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The Stability of Price Dispersion under Seller and Consumer Learning

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Author Info

  • Ed Hopkins

    (University of Edinburgh)

  • Roberty M. Seymour

    (University College, London)

Abstract

In many markets it is possible to find rival sellers charging different prices for the same good. Earlier research has attempted to explain this phenomenon by demonstrating the existence of dispersed price equilibria when consumers must make use of costly search to discover prices. We ask whether such equilibria can be learnt when sellers adjust prices adaptively in response to current market conditions. With consumer behaviour fixed, convergence to a dispersed price equilibrium is possible in some cases. However, once consumer learning is introduced, the monopoly outcome first found by Diamond (1971) is the only stable equilibrium.

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File URL: http://128.118.178.162/eps/game/papers/0203/0203002.pdf
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Bibliographic Info

Paper provided by EconWPA in its series Game Theory and Information with number 0203002.

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Length: 36 pages
Date of creation: 04 Mar 2002
Date of revision:
Handle: RePEc:wpa:wuwpga:0203002

Note: Type of Document - pdf; prepared on PC; pages: 36; figures: included
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Web page: http://128.118.178.162

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Keywords: Learning; Evolution; Search; Price Dispersion;

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References

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  1. Ed Hopkins, 1995. "Learning, Matching and Aggregation," Game Theory and Information 9512001, EconWPA.
  2. Schlag, Karl H., 1994. "Why Imitate, and if so, How? Exploring a Model of Social Evolution," Discussion Paper Serie B 296, University of Bonn, Germany.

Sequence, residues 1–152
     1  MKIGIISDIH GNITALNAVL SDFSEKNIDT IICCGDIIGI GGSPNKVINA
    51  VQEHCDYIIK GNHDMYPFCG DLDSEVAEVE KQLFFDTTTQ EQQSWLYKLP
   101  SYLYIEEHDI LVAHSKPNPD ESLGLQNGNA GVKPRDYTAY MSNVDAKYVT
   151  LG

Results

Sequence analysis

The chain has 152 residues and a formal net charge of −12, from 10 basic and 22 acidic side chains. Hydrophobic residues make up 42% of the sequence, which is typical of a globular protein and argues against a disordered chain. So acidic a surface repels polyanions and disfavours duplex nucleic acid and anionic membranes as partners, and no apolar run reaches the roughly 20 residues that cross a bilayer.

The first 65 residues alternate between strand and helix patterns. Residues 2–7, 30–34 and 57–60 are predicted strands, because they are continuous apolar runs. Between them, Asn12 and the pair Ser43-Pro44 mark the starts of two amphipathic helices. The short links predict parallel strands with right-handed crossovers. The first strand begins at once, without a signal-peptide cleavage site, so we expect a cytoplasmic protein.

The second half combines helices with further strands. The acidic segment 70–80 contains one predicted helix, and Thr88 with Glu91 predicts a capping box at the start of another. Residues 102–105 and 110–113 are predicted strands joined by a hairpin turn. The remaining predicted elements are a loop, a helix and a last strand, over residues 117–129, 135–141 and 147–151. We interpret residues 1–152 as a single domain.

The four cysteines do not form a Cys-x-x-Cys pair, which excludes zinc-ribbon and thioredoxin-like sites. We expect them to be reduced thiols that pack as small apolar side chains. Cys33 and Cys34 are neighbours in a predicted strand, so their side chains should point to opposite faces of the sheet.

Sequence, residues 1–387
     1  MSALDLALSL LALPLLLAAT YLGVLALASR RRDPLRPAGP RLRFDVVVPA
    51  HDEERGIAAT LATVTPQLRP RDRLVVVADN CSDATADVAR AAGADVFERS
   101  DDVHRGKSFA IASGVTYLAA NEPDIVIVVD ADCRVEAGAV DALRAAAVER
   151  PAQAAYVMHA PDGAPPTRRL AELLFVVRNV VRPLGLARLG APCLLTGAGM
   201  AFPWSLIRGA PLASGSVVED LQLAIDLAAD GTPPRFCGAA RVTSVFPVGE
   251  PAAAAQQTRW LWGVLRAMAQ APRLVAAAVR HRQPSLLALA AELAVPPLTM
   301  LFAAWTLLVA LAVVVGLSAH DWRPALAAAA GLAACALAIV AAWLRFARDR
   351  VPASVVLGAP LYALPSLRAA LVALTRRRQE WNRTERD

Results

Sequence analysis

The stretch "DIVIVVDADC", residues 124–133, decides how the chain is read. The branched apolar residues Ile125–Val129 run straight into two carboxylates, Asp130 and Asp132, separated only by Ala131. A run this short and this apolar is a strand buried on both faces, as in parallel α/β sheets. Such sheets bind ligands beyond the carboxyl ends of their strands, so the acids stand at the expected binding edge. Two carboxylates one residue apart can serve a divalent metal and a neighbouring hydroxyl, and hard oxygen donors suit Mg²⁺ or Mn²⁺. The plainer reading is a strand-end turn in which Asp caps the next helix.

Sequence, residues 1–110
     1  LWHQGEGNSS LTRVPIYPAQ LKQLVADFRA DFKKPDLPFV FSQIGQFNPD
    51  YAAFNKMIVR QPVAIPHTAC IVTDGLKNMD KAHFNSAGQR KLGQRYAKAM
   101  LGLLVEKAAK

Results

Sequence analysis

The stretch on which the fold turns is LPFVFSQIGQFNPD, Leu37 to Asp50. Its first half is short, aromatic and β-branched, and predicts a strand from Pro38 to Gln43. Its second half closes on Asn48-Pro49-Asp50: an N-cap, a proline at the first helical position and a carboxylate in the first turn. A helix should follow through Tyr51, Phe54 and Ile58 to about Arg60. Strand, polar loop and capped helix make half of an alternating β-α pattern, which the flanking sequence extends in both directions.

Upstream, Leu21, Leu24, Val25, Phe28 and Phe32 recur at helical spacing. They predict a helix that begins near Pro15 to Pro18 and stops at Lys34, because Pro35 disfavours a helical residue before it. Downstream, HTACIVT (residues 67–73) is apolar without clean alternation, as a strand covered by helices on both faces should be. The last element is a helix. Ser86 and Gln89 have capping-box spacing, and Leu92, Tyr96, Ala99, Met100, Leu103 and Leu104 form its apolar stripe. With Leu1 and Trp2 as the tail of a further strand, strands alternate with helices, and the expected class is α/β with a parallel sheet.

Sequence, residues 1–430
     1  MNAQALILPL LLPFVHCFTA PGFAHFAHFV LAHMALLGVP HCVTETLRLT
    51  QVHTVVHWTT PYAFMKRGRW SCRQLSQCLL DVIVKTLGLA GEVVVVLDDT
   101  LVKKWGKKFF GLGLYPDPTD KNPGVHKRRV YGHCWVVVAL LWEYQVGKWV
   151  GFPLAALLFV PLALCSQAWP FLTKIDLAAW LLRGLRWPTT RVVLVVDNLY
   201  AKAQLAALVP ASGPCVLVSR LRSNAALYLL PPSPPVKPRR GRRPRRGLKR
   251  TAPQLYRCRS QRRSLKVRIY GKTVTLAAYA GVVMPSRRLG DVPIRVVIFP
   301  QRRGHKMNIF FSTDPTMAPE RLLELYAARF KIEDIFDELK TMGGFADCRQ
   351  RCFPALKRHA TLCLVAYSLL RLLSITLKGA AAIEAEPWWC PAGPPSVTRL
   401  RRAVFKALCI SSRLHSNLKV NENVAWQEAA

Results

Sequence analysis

3. Karl H. Schlag, 1995. "Why Imitate, and if so, How? A Bounded Rational Approach to Multi-Armed Bandits," Discussion Paper Serie B 361, University of Bonn, Germany, revised Mar 1996.
  4. Erev, Ido & Roth, Alvin E, 1998. "Predicting How People Play Games: Reinforcement Learning in Experimental Games with Unique, Mixed Strategy Equilibria," American Economic Review, American Economic Association, vol. 88(4), pages 848-81, September.
  5. Young, H Peyton, 1993. "The Evolution of Conventions," Econometrica, Econometric Society, vol. 61(1), pages 57-84, January.
  6. Benabou Roland, 1993. "Search Market Equilibrium, Bilateral Heterogeneity, and Repeat Purchases," Journal of Economic Theory, Elsevier, vol. 60(1), pages 140-158, June.
  7. Joerg Oechssler & Frank Riedel, 1998. "Evolutionary Dynamics on Infinite Strategy Spaces," Game Theory and Information 9805002, EconWPA, revised 12 May 1998.
  8. Borgers, Tilman & Sarin, Rajiv, 1997. "Learning Through Reinforcement and Replicator Dynamics," Journal of Economic Theory, Elsevier, vol. 77(1), pages 1-14, November.
  9. Timothy N. Cason & Daniel Friedman, 2000. "Buyer Search and Price Dispersion: A Laboratory Study," Econometric Society World Congress 2000 Contributed Papers 1549, Econometric Society.
  10. Wilde, Louis L, 1992. "Comparison Shopping as a Simultaneous Move Game," Economic Journal, Royal Economic Society, vol. 102(412), pages 562-69, May.
  11. Rothschild, Michael, 1973. "Models of Market Organization with Imperfect Information: A Survey," Journal of Political Economy, University of Chicago Press, vol. 81(6), pages 1283-1308, Nov.-Dec..
  12. Hopkins, Ed, 1999. "A Note on Best Response Dynamics," Games and Economic Behavior, Elsevier, vol. 29(1-2), pages 138-150, October.
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